Almost 20% of the 1014 went home. Some were described as delicate, presumably their health was not deemed sufficient to the task. Others perhaps found that religious life was not for them or needed more time to consider their vocation.
Their destinations were primarily within the Anglophone world. The greatest number went to Australia (169), followed by the United States of America (164), Ireland (140), South Africa (64), England (60), Canada (18), New Zealand (15). There were more diverse destinations, albeit on a smaller scale; 14 to India, 13 to Holland, 12 to France, 7 to British Guiana, 7 to Argentina, 5 to Java (now part of Indonesia), 5 to British Honduras, 4 to Belgium and 1 to Burma.
The aspirants came from all over Ireland, with the majority from the midlands and south; Cork (111), Tipperary (105), Kilkenny (101), Limerick (68), Clare (61). Laois (54), Dublin (52), Kerry (48), Offaly (47), Wexford (35).
Most were aged between 16 and 21, with a smaller cohort in their mid to late 20s, and 40 in their 30s. The time spent in Callan varied, possibly according to the age, educational level and abilities of the aspirants, and to the needs of their prospective congregations.
While the registers are an invaluable source of information, we are fortunate indeed that the Callan community had the foresight to retain an accompanying collection of 200 approx. photographs. These images date from the late 1880s to the early 1920s and comprise studio portraits of aspirants, images of them as Postulants and Professed Sisters and photographs of the convents they entered and the ministries they undertook.
Using the database, we have been able to match the images with their individual entries in the register. In some cases, we have identified before and after images as in the case of Annie (Sr. Baptist) McKenny from Ballinahinch, Co Down who enrolled in Callan on 7th January, 1899 and left on 9th August, 1899 to enter with the Sisters of the Assumption, Convent of Good Hope, Grahamstown, South Africa. In a similar vein, Eliza Flynn of Shandon Square, Clonakilty, Co Cork entered St. Brigid’s in January 1896 aged 22 and left in September 1896 to join the Sisters of Mercy in Mount Gambier, Australia.
The collection includes photographs of convents abroad, some sent by graduates of Callan showing their new life, such as Mollie (Sr. Cecilia) Nugent from Co Kilkenny, who entered St. Brigid’s in December 1894 and left for the Convent of Mercy, Buenos Aires in October 1896. Others were sent by convents seeking Postulants, perhaps as a form of sales pitch, a visual representation of the missionary life on offer.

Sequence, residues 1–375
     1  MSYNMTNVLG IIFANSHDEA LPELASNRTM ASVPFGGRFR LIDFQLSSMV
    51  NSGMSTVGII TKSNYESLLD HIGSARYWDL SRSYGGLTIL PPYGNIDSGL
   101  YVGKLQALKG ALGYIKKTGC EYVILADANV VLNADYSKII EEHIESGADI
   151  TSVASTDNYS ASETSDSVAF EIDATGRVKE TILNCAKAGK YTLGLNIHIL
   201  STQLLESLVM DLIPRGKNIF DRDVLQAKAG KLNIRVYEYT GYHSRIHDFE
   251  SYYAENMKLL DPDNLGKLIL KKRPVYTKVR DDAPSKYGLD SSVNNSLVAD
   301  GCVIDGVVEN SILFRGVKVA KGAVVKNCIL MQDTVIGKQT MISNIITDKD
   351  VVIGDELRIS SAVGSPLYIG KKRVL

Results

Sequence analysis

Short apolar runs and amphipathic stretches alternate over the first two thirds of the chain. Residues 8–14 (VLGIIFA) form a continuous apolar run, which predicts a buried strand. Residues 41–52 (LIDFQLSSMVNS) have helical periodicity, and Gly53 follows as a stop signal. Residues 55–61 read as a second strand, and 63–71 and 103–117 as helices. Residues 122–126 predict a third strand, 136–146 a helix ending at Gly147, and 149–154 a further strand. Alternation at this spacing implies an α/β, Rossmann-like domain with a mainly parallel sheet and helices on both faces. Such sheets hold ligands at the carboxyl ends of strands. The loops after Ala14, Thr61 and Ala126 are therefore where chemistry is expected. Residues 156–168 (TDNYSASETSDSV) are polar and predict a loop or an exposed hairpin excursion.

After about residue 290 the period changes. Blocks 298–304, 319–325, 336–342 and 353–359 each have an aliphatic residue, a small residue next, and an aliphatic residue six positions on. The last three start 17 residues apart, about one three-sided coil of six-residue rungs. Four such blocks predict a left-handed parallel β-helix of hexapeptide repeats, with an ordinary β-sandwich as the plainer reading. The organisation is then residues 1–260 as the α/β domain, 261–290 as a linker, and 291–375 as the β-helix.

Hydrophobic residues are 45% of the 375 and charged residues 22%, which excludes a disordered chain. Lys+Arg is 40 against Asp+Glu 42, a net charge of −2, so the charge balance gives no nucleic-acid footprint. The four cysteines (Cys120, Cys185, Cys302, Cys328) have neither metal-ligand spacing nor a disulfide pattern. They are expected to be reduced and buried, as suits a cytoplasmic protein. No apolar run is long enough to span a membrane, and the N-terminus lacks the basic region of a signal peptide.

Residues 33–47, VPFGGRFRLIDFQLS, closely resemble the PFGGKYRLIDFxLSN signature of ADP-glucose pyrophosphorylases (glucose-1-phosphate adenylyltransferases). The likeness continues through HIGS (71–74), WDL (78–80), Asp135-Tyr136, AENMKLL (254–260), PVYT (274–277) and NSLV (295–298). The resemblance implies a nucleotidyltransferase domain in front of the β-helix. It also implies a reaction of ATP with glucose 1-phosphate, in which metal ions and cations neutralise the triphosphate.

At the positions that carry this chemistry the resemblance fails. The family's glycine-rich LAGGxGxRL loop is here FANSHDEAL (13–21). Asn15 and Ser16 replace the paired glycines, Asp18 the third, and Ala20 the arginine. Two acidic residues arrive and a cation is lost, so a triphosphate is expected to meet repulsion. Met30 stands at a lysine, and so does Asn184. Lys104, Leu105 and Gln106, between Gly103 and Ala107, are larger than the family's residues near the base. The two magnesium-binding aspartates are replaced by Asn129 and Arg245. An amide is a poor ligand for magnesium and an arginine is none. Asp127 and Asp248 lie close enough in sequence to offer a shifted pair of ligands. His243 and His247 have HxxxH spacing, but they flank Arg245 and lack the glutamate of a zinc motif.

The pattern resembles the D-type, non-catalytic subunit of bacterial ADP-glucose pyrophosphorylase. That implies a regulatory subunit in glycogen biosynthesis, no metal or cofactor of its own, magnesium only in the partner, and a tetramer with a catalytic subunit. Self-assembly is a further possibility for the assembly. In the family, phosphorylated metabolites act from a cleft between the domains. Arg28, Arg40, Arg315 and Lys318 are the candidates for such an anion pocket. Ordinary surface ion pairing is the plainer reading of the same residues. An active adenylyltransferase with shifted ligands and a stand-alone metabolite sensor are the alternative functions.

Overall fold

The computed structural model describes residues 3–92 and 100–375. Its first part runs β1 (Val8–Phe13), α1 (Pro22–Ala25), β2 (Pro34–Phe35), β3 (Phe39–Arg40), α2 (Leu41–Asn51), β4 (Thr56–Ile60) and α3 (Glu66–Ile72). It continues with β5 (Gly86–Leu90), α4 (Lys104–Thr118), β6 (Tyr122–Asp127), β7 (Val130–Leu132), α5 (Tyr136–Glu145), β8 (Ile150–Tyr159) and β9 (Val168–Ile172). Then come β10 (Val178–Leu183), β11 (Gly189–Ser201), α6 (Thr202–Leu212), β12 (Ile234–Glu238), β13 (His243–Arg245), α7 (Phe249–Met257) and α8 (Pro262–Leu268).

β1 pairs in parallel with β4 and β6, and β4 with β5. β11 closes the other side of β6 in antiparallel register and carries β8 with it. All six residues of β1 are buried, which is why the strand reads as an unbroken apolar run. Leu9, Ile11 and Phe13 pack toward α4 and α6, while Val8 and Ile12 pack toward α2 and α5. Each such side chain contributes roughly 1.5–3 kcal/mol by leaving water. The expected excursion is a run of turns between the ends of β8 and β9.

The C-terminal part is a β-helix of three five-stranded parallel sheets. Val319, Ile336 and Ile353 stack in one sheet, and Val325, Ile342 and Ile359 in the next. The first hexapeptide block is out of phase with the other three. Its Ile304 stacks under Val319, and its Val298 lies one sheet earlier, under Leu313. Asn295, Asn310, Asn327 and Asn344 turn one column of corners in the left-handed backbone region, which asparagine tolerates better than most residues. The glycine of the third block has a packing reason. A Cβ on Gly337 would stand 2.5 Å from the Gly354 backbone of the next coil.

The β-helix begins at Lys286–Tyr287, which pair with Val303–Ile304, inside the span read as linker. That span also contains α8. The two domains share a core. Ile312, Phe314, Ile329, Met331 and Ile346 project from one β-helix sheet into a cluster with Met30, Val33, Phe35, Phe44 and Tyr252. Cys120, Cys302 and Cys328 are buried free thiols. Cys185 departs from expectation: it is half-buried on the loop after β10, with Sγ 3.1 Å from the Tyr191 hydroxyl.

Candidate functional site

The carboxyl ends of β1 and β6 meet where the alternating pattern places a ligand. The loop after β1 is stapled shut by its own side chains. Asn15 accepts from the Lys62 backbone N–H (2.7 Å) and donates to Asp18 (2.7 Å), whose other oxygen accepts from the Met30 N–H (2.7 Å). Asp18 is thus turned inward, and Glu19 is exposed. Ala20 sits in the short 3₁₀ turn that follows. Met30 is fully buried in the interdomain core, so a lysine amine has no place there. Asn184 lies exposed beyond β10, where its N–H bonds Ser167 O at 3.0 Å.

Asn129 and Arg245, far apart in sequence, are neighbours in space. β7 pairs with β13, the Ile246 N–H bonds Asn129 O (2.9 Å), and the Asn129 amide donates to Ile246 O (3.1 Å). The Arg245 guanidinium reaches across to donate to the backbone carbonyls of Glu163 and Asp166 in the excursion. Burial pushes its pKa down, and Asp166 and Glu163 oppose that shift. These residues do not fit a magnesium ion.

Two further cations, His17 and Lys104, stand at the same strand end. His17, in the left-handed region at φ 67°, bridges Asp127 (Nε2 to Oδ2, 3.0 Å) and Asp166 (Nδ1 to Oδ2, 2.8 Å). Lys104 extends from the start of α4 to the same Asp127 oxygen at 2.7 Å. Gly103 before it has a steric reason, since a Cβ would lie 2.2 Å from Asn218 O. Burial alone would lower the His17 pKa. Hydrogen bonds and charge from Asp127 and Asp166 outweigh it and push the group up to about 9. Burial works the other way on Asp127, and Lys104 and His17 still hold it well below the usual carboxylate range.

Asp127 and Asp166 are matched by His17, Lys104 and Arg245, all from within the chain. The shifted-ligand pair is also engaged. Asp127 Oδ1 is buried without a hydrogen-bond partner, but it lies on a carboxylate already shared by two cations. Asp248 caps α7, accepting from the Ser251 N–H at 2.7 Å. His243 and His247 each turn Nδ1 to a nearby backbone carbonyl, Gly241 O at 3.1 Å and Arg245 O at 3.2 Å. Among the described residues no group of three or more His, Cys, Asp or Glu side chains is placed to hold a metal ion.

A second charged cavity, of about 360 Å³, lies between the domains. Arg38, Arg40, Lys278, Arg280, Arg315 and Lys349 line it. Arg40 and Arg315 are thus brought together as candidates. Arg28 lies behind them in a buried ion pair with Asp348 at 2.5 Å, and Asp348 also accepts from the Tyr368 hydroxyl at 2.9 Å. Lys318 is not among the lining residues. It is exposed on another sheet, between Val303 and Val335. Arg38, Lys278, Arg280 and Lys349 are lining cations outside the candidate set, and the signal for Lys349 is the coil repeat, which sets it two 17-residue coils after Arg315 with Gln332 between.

In one photograph we see a convent in New Zealand. On the reverse it reads “Holy Cross Convent, Epsom, opened 3rd May 1921, a suburb of Auckland, on the north island, hot & cold water, electric light & all modern conveniences, but school & church still to be built! Wanted 6 Postulants to fill the places of the Sisters sent there from St. Mary’s Ponsonby. Callan girls preferred!”
Of equal interest are photographs from the Sisters of Charity of the Incarnate Word, Texas featuring Sister Nurses in an operating theatre in Galveston, Texas.
Callan in turn could use these images to prepare aspirants for missionary life, promote the missionary school and foster vocations.
By the 1950s, numbers enrolling in Callan were dwindling. Missionary congregations had established their own Juniorates or Novitiates in Ireland, secondary education was more readily available and the Callan community saw there was no longer a need for a school exclusively for girls with a religious vocation. St. Brigid’s Missionary School closed in 1959, having contributed much to the Irish Church and to the missionary vineyard.
Archive, Convent of Mercy, Callan
St Brigid’s College Callan, Golden Jubilee Book, 1999
Catholic Directory, 1895
Presentation by Sarah Gallagher, Archivist, MCA, February 2018